Critics also point to ongoing collaboration between the Colombian army and the ostensibly outlawed paramilitary groups. The paramilitary network known as the United Colombian Self-Defense Forces (AUC) is (like the FARC) on the US State Department terrorist list. The problem, say rights organizations, is that Uribe is not fighting the AUC–his government is negotiating with them, while refusing to do so with the guerillas. Despite official denials, rights advocates continue to cite cooperation between the AUC and Colombia’s official military.

Since July, negotiations with the AUC have been taking place in a 142-square-mile safe haven in northwestern Cordoba province, where AUC leaders are not subject to arrest, and where their demobilized fighters are supposed to gather before they disarm. But the AUC paras maintain their reign of terror throughout much of the country, threatening peasant communities and imposing "war taxes" on them, and carrying out assassinations and massacres against the uncooperative.

Especially controversial are proposals for the AUC leaders to receive an amnesty from prison time for massacres and atrocities. A group of Colombian lawmakers has come together to draft a proposal requiring paramilitary bosses convicted in such cases to serve at least eight years, and return all property acquired illegally. Under the proposal, the penalties would be a government condition for any peace agreements with the paras. Lawmakers supporting the measure include both Rep. Wilson Borja Díaz, a former trade unionist injured in a 2000 para assassination attempt, and Sen. Rafael Pardo Rueda, a former defense minister who supports President Uribe. (Colombia Week, Nov. 22; NYT, Nov. 16)

The measure would apply to guerilla organizations too. But Uribe has shown little interest in resuming peace talks with the guerillas, broken off under his predecessor Andres Pastrana. In a Dec. 2 communique, the FARC proposed that a safe haven be established for the group in Valle del Cauca province–but insisted that Plan Patriot be called off before any talks resume. (ANNCOL Dec. 3)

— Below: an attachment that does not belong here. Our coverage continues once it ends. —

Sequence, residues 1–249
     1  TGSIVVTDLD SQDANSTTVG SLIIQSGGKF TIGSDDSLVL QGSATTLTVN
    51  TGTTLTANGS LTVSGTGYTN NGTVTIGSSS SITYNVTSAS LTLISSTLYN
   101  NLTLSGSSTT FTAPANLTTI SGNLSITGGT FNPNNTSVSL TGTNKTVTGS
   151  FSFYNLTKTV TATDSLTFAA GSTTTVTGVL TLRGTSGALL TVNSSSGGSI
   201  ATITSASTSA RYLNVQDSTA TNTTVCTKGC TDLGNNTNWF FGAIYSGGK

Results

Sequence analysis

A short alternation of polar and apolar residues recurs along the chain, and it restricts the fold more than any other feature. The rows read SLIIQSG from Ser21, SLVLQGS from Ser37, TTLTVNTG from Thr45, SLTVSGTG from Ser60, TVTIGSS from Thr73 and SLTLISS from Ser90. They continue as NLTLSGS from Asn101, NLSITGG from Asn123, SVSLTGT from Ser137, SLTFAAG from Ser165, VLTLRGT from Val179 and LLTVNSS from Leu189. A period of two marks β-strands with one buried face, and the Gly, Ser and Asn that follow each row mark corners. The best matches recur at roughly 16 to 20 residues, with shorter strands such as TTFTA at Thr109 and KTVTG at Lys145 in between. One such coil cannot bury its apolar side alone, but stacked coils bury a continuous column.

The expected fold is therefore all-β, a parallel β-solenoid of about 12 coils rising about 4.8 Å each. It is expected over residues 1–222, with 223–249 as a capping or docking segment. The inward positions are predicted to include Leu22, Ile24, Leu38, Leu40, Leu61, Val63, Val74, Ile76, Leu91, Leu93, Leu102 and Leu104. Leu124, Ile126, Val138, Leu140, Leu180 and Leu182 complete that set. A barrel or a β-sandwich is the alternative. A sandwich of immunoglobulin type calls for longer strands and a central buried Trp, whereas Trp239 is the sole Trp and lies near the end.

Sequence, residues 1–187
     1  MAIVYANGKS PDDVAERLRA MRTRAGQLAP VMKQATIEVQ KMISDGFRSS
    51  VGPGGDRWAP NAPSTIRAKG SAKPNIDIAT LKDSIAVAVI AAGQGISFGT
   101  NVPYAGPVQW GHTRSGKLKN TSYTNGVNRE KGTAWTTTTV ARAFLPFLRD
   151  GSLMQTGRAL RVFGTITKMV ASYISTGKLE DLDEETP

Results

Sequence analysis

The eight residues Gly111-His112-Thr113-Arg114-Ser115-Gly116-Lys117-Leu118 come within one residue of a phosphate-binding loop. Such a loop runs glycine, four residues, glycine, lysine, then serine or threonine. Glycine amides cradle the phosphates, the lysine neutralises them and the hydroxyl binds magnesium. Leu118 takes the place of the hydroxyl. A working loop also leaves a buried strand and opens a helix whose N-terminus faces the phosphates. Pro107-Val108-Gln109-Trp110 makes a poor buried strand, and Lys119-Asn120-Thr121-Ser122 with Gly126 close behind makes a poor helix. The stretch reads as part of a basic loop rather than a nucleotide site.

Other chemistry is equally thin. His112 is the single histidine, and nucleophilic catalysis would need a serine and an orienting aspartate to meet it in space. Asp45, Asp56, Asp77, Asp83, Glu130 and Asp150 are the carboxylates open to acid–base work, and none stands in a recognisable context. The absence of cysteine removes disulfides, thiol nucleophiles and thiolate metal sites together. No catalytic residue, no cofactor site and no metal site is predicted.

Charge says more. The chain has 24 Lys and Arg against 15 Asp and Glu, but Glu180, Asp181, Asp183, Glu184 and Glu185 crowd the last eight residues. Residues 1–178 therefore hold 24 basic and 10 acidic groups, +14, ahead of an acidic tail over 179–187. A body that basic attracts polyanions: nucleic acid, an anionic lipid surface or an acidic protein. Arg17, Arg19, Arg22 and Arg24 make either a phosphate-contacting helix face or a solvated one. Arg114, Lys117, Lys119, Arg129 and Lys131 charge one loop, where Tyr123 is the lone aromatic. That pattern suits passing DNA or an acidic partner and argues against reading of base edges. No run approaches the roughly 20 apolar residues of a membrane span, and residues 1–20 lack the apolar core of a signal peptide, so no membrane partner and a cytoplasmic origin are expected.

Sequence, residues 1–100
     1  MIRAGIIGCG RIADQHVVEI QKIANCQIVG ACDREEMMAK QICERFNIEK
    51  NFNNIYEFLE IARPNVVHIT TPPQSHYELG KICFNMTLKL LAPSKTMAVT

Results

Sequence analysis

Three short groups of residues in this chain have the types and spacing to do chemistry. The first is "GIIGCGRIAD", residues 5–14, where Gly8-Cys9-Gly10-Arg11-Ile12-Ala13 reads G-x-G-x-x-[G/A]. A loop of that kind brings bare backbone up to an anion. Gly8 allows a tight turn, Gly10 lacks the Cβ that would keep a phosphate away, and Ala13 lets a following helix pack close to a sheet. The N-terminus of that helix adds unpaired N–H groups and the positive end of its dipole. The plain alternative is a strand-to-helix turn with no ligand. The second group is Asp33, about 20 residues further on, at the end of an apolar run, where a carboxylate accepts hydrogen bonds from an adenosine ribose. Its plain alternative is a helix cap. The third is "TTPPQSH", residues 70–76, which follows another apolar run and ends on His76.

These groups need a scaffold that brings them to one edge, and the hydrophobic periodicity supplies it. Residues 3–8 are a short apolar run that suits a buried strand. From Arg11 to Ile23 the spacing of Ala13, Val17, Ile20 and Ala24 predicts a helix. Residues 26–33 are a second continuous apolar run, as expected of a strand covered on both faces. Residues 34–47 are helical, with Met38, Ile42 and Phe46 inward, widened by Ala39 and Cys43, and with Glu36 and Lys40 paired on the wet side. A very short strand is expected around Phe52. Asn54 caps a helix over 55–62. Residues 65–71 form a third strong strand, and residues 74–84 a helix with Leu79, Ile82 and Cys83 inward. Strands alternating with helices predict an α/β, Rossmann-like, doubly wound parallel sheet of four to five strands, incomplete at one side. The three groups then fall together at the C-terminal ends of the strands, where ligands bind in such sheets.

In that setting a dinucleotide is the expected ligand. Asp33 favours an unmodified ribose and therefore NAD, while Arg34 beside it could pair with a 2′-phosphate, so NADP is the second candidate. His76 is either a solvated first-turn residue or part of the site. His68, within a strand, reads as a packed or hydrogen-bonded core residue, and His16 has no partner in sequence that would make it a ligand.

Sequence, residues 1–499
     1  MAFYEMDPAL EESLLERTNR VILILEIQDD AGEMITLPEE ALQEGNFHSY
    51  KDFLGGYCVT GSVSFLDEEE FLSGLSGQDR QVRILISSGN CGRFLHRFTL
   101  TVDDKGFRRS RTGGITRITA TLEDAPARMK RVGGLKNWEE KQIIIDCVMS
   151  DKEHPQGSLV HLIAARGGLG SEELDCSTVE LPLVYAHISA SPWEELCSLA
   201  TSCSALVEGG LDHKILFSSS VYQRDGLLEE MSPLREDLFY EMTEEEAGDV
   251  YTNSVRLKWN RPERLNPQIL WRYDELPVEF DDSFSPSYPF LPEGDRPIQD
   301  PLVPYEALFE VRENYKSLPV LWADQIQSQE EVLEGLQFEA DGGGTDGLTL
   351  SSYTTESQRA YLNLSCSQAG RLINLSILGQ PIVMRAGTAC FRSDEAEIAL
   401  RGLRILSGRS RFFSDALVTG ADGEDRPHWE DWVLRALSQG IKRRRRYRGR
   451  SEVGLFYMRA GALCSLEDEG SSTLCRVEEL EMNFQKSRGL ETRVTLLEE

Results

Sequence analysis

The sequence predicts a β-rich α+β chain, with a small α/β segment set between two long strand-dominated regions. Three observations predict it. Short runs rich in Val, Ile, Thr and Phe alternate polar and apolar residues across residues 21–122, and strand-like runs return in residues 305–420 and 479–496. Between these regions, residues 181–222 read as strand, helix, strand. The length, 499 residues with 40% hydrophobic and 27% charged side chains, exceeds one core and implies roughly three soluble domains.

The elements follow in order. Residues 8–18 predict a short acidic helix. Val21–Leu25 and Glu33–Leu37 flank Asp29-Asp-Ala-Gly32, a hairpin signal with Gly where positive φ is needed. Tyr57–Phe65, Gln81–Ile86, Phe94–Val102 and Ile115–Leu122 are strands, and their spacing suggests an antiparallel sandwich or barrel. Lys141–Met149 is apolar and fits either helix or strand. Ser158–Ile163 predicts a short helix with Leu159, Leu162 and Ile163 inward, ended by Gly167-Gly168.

Controversy has long raged over whether a new crime machine has consolidated since the rival cocaine cartels of Medellin and Cali were crushed in the 1990s. There may be legitimacy to rightist claims that the FARC aspires to become the "new cartel." But Uribe’s critics claim he has long maintained ties to the paras, who now control at least as great a share of the cocaine trade–if not greater. Critics increasingly speak of a "Bogota Cartel" which is emerging–with far closer links to Colombian officialdom than either the Medellin or Cali cartels ever maintained.

Coca or Oil?

And targets of AUC’s terror have included not only guerillas, but also (as in the recent Antioquia assassinations) Indians demanding their constitutional right to local autonomy and non-involvement in the war, and (as in the recent Putumayo massacre) peasants simply caught between all sides. Another key target has been trade unionists

In 2002, 184 trade unionists were killed in Colombia–82 of them teachers, according to the teacher’s union FECODE. (ANNCOL, Nov. 30) In 2003, 94 were killed, while 58 have been slain in 2004 as of press time. Altogether, 2,100 unionists have been slain since 1991. Nearly all are believed to be victims of AUC terror. Only 19 of these killings have been successfully prosecuted. (NYT, Nov. 18)

Oil workers opposing Uribe’s plan to privatize the state company Ecopetrol have been especially targeted by the paras–and they have nothing to do with the cocaine trade. The AUC and the FARC may be struggling for control of the cocaine trade. But the fast-growing US involvement in Colombia may have to do with control over another resource–oil.

The Iraq war and Middle East chaos have made South America’s oil resources more strategic to the US. Venezuela, bordering Colombia, is the fourth US supplier after Saudi Arabia, Mexico and Canada–and it is under the populist government of Hugo Chavez, a White House target for western hemisphere "regime change" second only to Cuba. Colombia itself is among the top 15 global suppliers to the US, and Uribe hopes to privatize the country’s industry as part of his push to join Bush’s Free Trade Area of the Americas.

One beneficiary of the escalated troop presence in Colombia is Occidental Petroleum–colloquially, "Oxy". Bush’s 2003 foreign operations budget request included $98 million to train and equip a Colombian army brigade to protect Oxy’s Cano-Limon pipeline linking the oilfields of Arauca province with the Caribbean. Arauca, the heart of Oxy’s operations, hosts the greatest concentration of US military advisors and has Colombia’s worst human rights situation. (See WW3 REPORT #43)

But the oil industry is seeking to expand beyond Arauca, on the Orinoco plains bordering Venezuela. Uribe is luring investment for Putumayo, in the Amazon basin bordering Ecuador, where a new bonanza of oil is said to await. Putumayo is now the epicenter of Uribe’s Patriot Plan offensive against the guerillas–which has largely been ineffective. Guerilla fighters melt into Putumayo’s jungle as the army approaches, leaving behind snipers and land mines to pick off government troops. Under close army protection, the firm Petrotesting Colombia is exploring for oil and gas deposits in Putumayo. The army hasn’t even been effective at protecting these operations–in recent months, FARC has burned nine Petrotesting tanker trucks, and killed one driver.